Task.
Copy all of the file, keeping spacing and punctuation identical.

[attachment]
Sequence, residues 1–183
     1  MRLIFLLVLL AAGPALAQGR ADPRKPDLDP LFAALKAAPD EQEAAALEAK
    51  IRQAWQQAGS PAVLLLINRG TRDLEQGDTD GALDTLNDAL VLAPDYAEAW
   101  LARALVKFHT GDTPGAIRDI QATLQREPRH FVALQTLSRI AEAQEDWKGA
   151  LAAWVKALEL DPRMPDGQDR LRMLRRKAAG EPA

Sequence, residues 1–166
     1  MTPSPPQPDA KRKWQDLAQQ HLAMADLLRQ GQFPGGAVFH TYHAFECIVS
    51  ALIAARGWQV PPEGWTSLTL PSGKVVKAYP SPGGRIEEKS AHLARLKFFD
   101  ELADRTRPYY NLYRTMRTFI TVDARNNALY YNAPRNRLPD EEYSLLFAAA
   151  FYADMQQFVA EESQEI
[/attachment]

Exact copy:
Sequence, residues 1–183
     1  MRLIFLLVLL AAGPALAQGR ADPRKPDLDP LFAALKAAPD EQEAAALEAK
    51  IRQAWQQAGS PAVLLLINRG TRDLEQGDTD GALDTLNDAL VLAPDYAEAW
   101  LARALVKFHT GDTPGAIRDI QATLQREPRH FVALQTLSRI AEAQEDWKGA
   151  LAAWVKALEL DPRMPDGQDR LRMLRRKAAG EPA

Sequence, residues 1–166
     1  MTPSPPQPDA KRKWQDLAQQ HLAMADLLRQ GQFPGGAVFH TYHAFECIVS
    51  ALIAARGWQV PPEGWTSLTL PSGKVVKAYP SPGGRIEEKS AHLARLKFFD
   101  ELADRTRPYY NLYRTMRTFI TVDARNNALY YNAPRNRLPD EEYSLLFAAA
   151  FYADMQQFVA EESQEI